OPICO conference will focus on Till-Seeding benefits

OPICO CONFERENCE WILL FOCUS ON TILL-SEEDING BENEFITS

A Till-Seeding Conference, aimed at helping arable farmers reduce establishment costs without affecting yields, will be held in the Peterborough Suite at the East of England Showground, Peterborough on Wednesday, May 4 th.

OPICO, the conference organisers, have been working with a number of farmers throughout the UK to improve oilseed rape margins by implementing the Till-Seeding concept. Many of their Variocast customers are now using the system, mounting the seeders on subsoilers. The benefits, they say, are better root growth, improved plant establishment above the ground and yields equivalent to, if not better, than with minimal tillage or conventional drilling.

“Arable farmers are under huge pressure,” explains James Woolway, the company’s sales director. “Labour and machinery costs are constantly creeping up while end product prices are down to one of the lowest levels for a while. So the bit in the middle is being squeezed.”

“Till-Seeding is a way to reduce machinery costs without compromising crop growth – effectively a lower establishment cost with equally as good, if not better yields and with minimal extra costs,” he claims.

Currently the convention is to plough, then work the land down, drill and roll. Or to use some sort of minimal tillage system, cultivating once, possibly twice, then work the soil down to a seedbed, drill and roll.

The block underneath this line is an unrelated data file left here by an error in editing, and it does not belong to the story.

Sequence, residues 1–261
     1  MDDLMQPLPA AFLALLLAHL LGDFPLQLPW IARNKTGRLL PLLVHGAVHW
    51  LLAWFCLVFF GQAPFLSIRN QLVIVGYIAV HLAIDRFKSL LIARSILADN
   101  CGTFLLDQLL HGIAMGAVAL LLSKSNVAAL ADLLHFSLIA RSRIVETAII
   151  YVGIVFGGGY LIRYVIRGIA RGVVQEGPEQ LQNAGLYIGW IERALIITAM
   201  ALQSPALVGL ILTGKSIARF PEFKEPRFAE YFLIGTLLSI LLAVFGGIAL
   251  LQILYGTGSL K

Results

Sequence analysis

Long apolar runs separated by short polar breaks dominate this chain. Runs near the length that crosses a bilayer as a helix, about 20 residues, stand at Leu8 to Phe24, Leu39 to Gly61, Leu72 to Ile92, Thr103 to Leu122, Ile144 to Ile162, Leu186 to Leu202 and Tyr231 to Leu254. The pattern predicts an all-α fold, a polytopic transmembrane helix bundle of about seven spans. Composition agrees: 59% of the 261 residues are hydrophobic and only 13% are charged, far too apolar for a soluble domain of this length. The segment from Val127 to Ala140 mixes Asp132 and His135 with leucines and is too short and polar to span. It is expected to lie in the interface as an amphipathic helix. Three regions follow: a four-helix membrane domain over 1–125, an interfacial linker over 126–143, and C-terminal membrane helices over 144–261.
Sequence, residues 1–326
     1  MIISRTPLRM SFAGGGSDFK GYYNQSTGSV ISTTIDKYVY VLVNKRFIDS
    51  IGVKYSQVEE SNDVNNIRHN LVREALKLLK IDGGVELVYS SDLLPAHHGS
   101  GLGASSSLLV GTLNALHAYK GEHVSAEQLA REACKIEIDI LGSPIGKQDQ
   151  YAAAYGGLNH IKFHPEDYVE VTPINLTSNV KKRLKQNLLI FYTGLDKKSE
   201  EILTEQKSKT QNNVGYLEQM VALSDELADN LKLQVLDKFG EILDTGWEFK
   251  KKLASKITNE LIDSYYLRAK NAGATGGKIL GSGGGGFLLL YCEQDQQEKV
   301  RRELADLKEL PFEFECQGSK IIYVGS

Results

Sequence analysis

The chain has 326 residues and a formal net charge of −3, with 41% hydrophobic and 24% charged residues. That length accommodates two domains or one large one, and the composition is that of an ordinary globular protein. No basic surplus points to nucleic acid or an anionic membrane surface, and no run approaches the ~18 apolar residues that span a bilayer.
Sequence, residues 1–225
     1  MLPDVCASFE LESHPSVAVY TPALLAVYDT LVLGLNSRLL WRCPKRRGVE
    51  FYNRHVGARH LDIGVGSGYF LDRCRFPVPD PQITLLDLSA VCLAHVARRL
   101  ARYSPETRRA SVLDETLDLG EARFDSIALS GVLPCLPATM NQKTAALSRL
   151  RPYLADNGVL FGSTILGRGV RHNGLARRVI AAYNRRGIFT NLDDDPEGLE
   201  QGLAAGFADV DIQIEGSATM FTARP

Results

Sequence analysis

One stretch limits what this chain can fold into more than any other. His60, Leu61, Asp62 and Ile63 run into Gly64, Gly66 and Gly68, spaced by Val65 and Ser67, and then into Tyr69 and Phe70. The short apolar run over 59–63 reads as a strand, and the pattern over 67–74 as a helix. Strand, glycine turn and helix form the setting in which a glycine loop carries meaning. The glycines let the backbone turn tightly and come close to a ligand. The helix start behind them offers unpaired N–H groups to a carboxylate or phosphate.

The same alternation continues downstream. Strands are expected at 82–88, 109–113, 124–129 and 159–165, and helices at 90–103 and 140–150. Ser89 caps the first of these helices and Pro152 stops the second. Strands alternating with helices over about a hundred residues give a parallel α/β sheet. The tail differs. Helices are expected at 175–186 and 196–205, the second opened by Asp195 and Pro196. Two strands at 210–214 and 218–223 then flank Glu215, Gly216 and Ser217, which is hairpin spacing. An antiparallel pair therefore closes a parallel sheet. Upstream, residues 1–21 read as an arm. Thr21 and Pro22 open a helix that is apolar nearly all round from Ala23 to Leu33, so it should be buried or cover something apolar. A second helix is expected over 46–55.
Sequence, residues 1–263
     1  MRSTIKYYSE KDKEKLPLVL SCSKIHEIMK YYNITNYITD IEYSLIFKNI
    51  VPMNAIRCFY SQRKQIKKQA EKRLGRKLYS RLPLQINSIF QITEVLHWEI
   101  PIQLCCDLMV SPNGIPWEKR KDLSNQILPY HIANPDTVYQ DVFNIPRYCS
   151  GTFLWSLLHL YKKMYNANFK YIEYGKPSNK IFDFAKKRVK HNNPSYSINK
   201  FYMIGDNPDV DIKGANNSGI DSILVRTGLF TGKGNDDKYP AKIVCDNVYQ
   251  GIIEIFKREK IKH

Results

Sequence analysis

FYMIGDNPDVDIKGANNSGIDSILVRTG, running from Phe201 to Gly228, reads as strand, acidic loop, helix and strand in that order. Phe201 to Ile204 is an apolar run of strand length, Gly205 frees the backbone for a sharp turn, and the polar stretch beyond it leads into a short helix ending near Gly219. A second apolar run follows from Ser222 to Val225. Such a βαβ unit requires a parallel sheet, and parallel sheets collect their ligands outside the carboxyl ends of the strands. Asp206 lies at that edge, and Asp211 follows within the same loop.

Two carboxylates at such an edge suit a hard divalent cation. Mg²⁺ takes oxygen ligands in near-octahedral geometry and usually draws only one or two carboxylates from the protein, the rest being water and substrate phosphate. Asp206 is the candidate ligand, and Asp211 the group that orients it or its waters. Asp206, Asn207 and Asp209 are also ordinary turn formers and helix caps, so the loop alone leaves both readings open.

“Our suggestion is to cultivate once, preferably with a subsoiler, straight into the stubble and put seed in at the same time with a seeder incorporated on that machine,” says James. “This makes one pass rather than two, three, four or five, depending on which system you are using.

“Also, and agronomically more important, you don’t tie up labour putting rape in whilst you’re having to harvest wheat. So you are reducing your labour requirement, and saving time and cost of wearing parts”.

The line up of expert speakers - Richard Crane, Food and Agricultural Partner with Deloitte; agronomist Nick Myers from ProCam and OPICO sales director James Woolway - will examine the financial, agronomic and practical principles of Till-Seeding, while delegates will also have the chance to talk to some farmers who are using the system.